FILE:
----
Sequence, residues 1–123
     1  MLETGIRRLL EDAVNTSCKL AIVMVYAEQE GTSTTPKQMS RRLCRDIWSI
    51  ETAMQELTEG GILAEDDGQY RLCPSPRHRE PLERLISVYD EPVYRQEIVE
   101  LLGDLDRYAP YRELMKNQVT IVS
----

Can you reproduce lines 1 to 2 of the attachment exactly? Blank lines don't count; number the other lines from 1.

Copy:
Sequence, residues 1–123
     1  MLETGIRRLL EDAVNTSCKL AIVMVYAEQE GTSTTPKQMS RRLCRDIWSI